Monday, 5 May 2014

three models of nuclear deterrence

Article No.:1191Date: 03/05/2014
Nuclear Doctrine Review: Three Deterrence Models
Ali Ahmed
The elections have witnessed a relatively higher level of interest in national security issues than hither to. One issue that stood out as a landmark has been the reference to the nuclear doctrine. The ensuing significant commentary will no doubt inform fresh thinking as and when the next administration settles into office. It would of necessity have to take on board the military perspective among other interconnected and overlapping inputs such as political, technological, diplomatic, intelligence and informational. This article anticipates what a military input might look like in any impending review. While this would no doubt already command the attention of the Strategic Forces Command, the NSCS strategy programmes staff and perspective planning and doctrine offices, their necessarily closed deliberations can usefully be informed by commentary in the open domain.
In essence, the question that needs answering from a conventional war perspective is: How is deterrence better served from among the alternative models? In the main, there are three models, namely: ‘massive’ nuclear retaliation; ‘flexible’ nuclear retaliation; and the ‘Sundarji’ model. The ‘massive’ nuclear retaliation model has it that visiting unacceptable nuclear punishment of higher order levels can serve to deter the nuclear hand of the enemy. The problem this model has faced is in answering as to what should be done in case of the enemy’s introduction of nuclear weapons into a conflict at a lower order level. In the recent debate, the orthodox view has been represented by Shyam Saran, current chair of the NSAB, arguing for strengthening India’s nuclear retaliatory capabilities at higher order levels and the resolve to follow through.
The second model, ‘flexible’ nuclear retaliation, has votaries ranging from Ajai Shukla to Vipin Narang. Finding the ‘massive’ model weak on credibility, in that it is unable to answer the problem posed by appearance of Pakistan’s Nasr on the battlefield, this model posits appropriate response that need not necessarily be escalatory. This way India will have suitable limited nuclear operations to respond to the low threshold lower order nuclear challenge by Pakistan. It would in any case also have the ‘massive’ option up its sleeve. The question is that would this deter nuclear first use better.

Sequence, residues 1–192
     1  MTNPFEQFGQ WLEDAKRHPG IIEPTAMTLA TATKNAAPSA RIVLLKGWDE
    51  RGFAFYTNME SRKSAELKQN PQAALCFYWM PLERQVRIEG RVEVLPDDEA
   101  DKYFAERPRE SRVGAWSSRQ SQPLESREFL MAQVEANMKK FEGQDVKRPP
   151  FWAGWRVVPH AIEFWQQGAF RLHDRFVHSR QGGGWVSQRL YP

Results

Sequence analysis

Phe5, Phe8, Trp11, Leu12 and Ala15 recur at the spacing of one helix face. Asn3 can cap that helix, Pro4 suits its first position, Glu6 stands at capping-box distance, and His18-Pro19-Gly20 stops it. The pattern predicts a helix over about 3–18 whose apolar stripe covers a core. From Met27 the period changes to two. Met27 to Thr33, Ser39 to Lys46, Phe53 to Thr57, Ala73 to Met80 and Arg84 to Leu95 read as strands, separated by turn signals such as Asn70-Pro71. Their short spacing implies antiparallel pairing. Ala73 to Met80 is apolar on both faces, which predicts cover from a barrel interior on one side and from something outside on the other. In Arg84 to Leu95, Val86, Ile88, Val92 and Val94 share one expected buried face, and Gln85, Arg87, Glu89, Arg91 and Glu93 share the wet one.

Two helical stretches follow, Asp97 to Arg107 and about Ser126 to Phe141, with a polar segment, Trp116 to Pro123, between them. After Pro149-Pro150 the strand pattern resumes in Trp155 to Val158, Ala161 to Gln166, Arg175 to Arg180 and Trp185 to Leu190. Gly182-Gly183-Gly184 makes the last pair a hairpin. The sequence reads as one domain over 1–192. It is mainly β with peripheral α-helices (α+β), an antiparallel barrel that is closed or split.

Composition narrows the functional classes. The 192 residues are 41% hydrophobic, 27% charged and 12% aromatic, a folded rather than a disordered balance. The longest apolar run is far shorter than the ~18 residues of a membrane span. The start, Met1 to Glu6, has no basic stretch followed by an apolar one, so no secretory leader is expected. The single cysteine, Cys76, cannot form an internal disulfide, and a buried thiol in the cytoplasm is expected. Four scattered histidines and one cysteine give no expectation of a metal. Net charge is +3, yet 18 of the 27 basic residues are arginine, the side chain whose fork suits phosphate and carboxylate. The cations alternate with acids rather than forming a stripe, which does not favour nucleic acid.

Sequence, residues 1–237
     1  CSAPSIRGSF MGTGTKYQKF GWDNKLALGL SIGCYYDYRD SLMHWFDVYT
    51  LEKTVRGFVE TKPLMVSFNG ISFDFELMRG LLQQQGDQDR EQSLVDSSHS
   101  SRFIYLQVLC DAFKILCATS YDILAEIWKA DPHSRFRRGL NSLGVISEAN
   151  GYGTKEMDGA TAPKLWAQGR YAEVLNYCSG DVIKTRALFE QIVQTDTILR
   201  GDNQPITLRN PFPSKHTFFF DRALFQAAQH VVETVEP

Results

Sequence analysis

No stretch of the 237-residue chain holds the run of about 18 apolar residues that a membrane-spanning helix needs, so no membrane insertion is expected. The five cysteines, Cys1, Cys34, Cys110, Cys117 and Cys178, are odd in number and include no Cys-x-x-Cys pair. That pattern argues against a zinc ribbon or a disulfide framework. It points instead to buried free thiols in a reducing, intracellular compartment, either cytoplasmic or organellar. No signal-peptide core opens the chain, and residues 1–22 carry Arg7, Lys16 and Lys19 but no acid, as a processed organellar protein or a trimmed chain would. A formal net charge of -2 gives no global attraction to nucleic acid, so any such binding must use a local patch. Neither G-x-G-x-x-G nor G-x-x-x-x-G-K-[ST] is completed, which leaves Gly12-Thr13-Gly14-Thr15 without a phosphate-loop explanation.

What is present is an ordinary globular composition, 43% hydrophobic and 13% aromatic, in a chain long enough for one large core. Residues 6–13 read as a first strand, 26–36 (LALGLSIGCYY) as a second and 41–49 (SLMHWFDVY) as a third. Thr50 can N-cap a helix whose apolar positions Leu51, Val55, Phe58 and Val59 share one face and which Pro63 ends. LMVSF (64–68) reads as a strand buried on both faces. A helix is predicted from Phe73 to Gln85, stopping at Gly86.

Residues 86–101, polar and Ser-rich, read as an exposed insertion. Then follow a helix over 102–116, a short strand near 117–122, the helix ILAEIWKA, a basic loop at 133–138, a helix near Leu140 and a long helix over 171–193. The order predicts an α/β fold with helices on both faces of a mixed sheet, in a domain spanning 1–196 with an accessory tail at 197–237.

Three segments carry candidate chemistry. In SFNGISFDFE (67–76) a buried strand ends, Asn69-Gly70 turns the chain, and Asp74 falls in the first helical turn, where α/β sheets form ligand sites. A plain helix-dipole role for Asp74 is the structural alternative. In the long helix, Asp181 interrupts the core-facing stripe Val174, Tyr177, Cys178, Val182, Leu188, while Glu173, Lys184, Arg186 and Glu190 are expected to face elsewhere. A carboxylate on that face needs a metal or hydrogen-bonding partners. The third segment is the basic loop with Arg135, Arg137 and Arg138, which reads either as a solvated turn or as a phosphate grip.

Between the two models, the problem with ‘massive’ is that higher order levels of retaliation will elicit a like counter from Pakistan, even if its retaliatory capability has been set back considerably. This owes to it have crossed into lower three digits in terms of warhead numbers, thereby acquiring a second strike capability, in the sense that India’s retaliation in the first instance would not be able to degrade Pakistan’s counter strike to an extent that it is unable to visit harm on India. Even if we grant the DRDO its sci-fi assurance that Delhi and Mumbai will be saved by the fledgling BMD capability, there is enough of India left over to suffer from nuclear ordnance. Besides, there are new studies on environmental consequence of higher order nuclear exchanges that suggest that the entire world stands to suffer from regional nuclear war.  In other words, even if it has the intent, India will not be able to follow through with ‘massive’ due to self-deterrence and global effort at de-escalation. Consequently, flexible nuclear retaliation enters the debate as a credible alternative. The problem with this model is about escalation control. The votaries of ‘massive’ argue that escalation is ‘inexorable’ and graduated deterrence with its levels and ladders is chimera when it comes to the crunch. In sum, while ‘massive’ focusses on deterrence; ‘flexible’ focuses on its breakdown. While ‘massive’ is less than credible; ‘flexible’ has problems with escalation control. It is here that the third model, the ‘Sundarji’ model, pitches in.